The Los Angeles Fire Department is launching a sweeping overhaul of 911 call-handling procedures that officials say now contribute to delays in getting rescuers to victims in life-threatening medical emergencies, it was reported Monday.
By early next year, the agency expects its dispatchers to be using new, streamlined scripted questions that will help get LAFD ambulances en route seconds, even minutes, faster during cases of cardiac arrest and other time- critical emergencies, the Los Angeles Times reported.
The changes follow a barrage of criticism of the department's 911 response system, including what experts say are sometimes lengthy and confusing pre-written questions that panicked callers must answer before dispatchers can get help on the way.
"We have to focus on what really matters and get resources rolling with minimal delay," Fire Department Medical Director Marc Eckstein, an emergency room physician who is overseeing the reform effort, told The Times.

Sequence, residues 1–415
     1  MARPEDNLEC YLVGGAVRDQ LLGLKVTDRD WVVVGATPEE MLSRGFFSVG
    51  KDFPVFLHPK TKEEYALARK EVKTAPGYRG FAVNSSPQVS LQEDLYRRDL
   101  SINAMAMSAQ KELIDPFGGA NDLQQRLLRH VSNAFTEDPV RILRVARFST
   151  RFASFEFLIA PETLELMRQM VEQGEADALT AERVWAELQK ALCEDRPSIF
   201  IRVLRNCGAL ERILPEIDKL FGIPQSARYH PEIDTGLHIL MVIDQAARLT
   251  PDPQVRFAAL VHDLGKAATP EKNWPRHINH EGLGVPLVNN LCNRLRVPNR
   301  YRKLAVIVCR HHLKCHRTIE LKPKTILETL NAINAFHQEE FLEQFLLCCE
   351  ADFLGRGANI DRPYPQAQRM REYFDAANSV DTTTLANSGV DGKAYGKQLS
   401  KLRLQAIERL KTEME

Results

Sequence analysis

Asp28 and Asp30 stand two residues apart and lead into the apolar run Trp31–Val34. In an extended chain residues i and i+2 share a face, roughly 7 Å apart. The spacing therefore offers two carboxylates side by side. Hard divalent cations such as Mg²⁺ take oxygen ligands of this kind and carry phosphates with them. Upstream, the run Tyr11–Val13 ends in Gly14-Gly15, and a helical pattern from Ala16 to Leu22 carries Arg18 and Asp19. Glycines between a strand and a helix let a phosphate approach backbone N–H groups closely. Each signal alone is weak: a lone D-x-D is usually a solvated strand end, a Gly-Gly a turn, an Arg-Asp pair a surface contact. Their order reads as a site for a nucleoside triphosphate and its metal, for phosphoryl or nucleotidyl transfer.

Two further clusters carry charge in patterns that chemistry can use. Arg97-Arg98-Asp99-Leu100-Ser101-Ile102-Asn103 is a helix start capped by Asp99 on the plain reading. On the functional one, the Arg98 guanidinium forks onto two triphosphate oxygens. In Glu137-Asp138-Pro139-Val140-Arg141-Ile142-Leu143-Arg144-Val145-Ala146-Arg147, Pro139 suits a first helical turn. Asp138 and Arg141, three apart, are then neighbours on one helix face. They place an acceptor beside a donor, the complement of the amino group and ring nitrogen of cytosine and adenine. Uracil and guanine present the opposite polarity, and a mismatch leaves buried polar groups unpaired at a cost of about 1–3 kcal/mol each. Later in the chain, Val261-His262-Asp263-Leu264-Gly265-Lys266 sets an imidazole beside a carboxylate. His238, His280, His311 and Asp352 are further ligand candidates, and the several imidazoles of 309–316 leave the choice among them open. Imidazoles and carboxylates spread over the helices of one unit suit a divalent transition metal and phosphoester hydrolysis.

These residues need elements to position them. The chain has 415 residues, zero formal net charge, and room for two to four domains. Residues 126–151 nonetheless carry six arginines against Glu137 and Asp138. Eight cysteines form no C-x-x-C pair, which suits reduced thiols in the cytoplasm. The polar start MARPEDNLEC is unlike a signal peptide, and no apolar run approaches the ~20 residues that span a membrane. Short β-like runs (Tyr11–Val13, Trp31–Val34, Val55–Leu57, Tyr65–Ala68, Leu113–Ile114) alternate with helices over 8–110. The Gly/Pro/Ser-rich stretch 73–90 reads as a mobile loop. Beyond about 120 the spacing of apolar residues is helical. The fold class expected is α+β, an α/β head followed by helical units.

In 2012, a Times investigation found the LAFD call center fell far short of a national standard that rescue units be alerted within one minute on 9 percent of 911 calls. The analysis also found the average call processing time for medical emergencies, which account for the vast majority of responses, increased significantly between 2007 and 2012. Key findings of the analysis were later confirmed by city auditors and a Fire Department task force.
Eckstein said the current system has "gotten overly complex" and requires dispatchers to funnel medical emergencies into one of hundreds of different categories, including more than 30 different types of strokes. The new program being created by department staff will have fewer questions and allow more flexibility to get rescue units moving as details are being gathered from 911 callers, Eckstein told The Times.
Some dispatchers complain the scripted questions, instituted more than two decades ago after dispatchers mistakenly diagnosed a dying Chatsworth mother and refused to send help, are wasting precious time.
"We ask a lot of questions that end up going nowhere, providing us with nothing and really upsetting people and delaying a response," veteran LAFD dispatcher Robert Ashley told The Times.
—City News Service